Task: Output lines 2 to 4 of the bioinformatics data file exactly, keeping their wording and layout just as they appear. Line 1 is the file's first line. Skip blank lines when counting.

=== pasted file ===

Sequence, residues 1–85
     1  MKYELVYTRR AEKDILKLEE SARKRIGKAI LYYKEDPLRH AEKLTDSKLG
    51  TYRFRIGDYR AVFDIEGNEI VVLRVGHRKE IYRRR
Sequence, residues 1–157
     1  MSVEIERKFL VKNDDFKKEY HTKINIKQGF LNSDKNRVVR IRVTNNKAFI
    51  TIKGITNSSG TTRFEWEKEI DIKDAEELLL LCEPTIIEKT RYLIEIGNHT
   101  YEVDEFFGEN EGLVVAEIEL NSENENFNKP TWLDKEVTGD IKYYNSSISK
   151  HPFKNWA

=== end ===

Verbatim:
     1  MKYELVYTRR AEKDILKLEE SARKRIGKAI LYYKEDPLRH AEKLTDSKLG
    51  TYRFRIGDYR AVFDIEGNEI VVLRVGHRKE IYRRR
Sequence, residues 1–157